The move, Running Wild: The Life Of Dayton O. Hyde has disappeared but the music by Steve Poltz remains.
Poltz has had a somewhat eclectic career to say the least. He fronted the indie band the Rugburns, as a composer he co-wrote Jewel’s hit “You Were Meant For Me,” released a children’s album, created a CD filled with 45-second answering machine songs, and has released a number of excellent and well-received solo albums. Now he is exploring new territory as he has written the music for a film.
The subject of the film, Dayton O. Hyde, is a wild horse activist, naturalist, and cowboy poet. Now 87, his efforts at preserving wild horses and their habitats have been a lifelong pursuit.
As with most soundtrack albums, that are issued apart from movies most people have not seen, there is a disconnect between the songs. The music, which makes sense in the film now has to stand on its own and some of the tracks, especially the short connecters, are out of their elements.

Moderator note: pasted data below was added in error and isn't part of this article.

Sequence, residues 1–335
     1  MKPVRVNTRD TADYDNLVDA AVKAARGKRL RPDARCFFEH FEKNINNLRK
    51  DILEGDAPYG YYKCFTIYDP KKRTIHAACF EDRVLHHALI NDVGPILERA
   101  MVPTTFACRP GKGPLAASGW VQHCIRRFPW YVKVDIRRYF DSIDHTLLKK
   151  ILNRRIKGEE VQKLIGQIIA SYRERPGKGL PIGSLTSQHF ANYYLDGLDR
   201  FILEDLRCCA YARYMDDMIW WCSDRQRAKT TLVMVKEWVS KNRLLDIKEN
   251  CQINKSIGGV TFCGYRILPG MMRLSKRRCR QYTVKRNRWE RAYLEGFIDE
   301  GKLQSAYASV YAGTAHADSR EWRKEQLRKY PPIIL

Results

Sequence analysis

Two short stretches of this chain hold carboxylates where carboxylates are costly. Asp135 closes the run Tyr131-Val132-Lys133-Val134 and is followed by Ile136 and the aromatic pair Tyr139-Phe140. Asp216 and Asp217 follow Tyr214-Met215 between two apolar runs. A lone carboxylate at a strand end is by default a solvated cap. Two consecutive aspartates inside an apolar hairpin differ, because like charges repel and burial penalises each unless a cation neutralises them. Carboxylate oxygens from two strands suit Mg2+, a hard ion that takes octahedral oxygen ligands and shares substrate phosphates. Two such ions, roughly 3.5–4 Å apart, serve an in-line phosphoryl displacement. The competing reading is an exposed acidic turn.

There are 25 tracks by Poltz and 17 are instrumentals. While most are shorter atmospheric pieces, two longer, fully developed songs stand out. “Happy Hour” is a nice little rocker and “El Centro” at just under five minutes is a classy up-tempo country tune.
It is the eight lyrical tracks that shine the brightest and they find Poltz on familiar ground. “Song For Hawk,” “Dirt Cowboy,” and “Mustang call” are all excellent performances in their own right and rank among the best of his career.
The final song on the album, and the only non-Poltz original, is “Phantom Love” by the band She Rose. It is a haunting ballad and fits in with the rest of the music.
It’s nice to see an artist take a chance every so often. Poltz has produced a solid album of music with a number of real high points. It deserves some attention with and without the accompanying film.